Failure to honour the minimum wage is endemic across the care sector as many homecare workers are unpaid for the time they travel between home visits – which can be up to a fifth of their working day, says UNISON today (Thursday).
The union is urging the government to end the systematic underpayment that it believes is widespread in the sector, by tweaking minimum wage regulations so employers are forced to make pay calculations easier to understand.
Confusing wage slips mean workers struggle to see how they are being paid, so it’s difficult for them to challenge their employers, says UNISON.
Although homecare companies claim to be paying the minimum wage, their failure to pay travel time means that staff are often being paid well below the legal minimum*.
UNISON also wants to see HM Revenue & Customs (HMRC) publish a report – commissioned by the government over a year ago – into six major care companies and potential breaches of minimum wage laws.
Most homecare employees work in isolation and rarely see colleagues so it’s difficult for them to compare their experiences. And even when companies are successfully challenged by individuals over their failure to pay for travel time, these tend to be dealt with on a case-by-case basis.
If caught out for failing to pay for travel time, firms seldom make amends and correct the payments across the whole of the workforce, says UNISON.
The issue of unpaid travel time was recently highlighted when UNISON backed a case against Sevacare – one of the largest homecare providers in the UK – on behalf of Judith Montgomery, from Bury in Greater Manchester.
Judith’s case resulted in an award of £3,250 for withheld travel time payments, equivalent to nearly 500 hours at the then national minimum wage rate of £6.70 per hour, when her case was brought in March 2016.
Judith regularly worked split shifts spanning 15 hours in a day, yet Sevacare did not pay her travel time between client visits. As a result she could start work at 7am and finish as late as 10.30pm (having done breakfast, tea and bed runs), but still be underpaid by up to £60 a week.
UNISON says it should not be for individual low-paid workers (often on zero- hours contracts) to stand up to each employer when the government – and HMRC in particular – should be making sure that employers are paying a legal wage.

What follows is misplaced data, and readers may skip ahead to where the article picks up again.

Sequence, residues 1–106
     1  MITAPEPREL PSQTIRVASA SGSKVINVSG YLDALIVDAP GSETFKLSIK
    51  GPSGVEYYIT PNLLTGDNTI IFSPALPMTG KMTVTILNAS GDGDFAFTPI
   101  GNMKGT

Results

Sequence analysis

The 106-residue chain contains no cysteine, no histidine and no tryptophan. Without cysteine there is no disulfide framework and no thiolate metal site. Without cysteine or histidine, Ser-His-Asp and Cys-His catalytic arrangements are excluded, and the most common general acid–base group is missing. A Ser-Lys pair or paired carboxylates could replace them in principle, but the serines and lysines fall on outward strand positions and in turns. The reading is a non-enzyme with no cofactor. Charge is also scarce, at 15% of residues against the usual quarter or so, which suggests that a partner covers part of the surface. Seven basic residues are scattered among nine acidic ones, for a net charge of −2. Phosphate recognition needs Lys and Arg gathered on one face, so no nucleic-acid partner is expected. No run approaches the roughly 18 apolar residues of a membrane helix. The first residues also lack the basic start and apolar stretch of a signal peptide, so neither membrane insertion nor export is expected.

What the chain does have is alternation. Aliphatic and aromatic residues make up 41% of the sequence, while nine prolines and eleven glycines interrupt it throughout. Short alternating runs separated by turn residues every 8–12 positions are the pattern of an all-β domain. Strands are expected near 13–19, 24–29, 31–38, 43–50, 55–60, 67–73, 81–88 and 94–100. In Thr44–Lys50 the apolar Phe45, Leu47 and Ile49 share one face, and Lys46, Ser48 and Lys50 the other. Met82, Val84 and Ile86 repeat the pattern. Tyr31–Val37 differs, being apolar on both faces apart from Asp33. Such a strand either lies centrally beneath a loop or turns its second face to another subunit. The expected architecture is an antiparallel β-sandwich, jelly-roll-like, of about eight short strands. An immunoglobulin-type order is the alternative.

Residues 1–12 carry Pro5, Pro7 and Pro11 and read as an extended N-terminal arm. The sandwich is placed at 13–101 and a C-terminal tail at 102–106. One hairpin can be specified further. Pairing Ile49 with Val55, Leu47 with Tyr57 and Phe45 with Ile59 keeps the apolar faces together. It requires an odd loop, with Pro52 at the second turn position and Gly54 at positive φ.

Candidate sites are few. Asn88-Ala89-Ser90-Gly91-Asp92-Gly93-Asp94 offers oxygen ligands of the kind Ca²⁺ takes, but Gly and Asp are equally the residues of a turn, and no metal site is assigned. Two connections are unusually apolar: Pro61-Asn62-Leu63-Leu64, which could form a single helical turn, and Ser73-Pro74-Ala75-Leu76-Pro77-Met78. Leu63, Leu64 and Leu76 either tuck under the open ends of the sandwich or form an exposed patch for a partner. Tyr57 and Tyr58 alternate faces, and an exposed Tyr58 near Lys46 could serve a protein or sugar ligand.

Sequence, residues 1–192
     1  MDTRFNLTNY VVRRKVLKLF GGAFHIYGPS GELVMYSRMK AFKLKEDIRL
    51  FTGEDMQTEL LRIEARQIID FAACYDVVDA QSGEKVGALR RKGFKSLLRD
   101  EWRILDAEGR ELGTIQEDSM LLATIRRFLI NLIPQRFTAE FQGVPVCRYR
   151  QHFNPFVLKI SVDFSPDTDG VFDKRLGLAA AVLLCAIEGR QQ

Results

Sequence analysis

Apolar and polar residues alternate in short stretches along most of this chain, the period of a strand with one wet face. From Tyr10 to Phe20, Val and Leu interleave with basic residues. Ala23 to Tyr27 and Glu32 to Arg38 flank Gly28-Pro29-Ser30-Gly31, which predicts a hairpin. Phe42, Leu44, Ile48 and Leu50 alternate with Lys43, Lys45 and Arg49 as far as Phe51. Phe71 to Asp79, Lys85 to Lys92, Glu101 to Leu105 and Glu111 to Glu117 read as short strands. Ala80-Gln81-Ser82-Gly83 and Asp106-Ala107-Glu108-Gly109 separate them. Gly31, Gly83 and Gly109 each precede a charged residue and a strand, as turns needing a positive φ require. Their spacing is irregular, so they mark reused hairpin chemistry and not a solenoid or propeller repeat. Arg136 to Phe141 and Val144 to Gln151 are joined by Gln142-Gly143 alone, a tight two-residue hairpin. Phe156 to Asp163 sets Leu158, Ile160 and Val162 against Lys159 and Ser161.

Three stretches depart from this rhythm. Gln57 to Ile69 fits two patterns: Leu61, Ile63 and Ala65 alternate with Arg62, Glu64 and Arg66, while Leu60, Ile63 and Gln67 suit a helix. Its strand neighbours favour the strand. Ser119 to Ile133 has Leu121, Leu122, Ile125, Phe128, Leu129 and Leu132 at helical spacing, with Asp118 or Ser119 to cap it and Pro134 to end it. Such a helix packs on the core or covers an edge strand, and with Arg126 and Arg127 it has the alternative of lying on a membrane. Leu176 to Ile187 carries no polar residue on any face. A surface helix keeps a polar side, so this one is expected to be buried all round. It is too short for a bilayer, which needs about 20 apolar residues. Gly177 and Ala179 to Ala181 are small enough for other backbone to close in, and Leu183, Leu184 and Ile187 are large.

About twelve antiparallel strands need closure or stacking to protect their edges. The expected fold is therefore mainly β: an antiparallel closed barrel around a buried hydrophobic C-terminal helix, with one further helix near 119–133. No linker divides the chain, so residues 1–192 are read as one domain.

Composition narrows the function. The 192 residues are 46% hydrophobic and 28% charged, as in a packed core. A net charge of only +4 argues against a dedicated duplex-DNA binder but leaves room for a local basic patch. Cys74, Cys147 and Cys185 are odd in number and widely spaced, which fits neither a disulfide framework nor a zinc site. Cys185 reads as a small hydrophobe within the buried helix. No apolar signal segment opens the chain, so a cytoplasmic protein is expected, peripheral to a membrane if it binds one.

And when firms are caught not paying the minimum wage because they don’t pay for travel time, HMRC should step in to ensure that appropriate payments are made to the rest of the staff, says UNISON.
UNISON has started a recruitment drive amongst homecare workers in the North West, Yorkshire & the Humber and the East Midlands to offer them the support of the union and bring individual workers together.
UNISON has been leading the campaign to get the government to enforce the national minimum wage in the sector. The union believes this is the only way to improve pay for all homecare workers, not just those who take cases to court.
UNISON general secretary Dave Prentis said: “Homecare workers support the elderly and vulnerable across the UK, yet they continue to be paid below the minimum wage. The government promised to act, but so far ministers have abjectly failed to help these low-paid workers.
“Homecare firms who only pay their staff for the face-to-face time they spend with their clients are guilty of law-breaking on a grand scale. The increasing use of 15-minute visits places untold pressure on homecare workers, yet their pay doesn’t reflect the importance of the work they do.
“Judith’s case shows just how companies can profit by denying staff payment for their travel time. The government should be doing far more to ensure these firms meet their legal obligations across the board.”
This is an official and unedited press release from UNISON – published here with permission.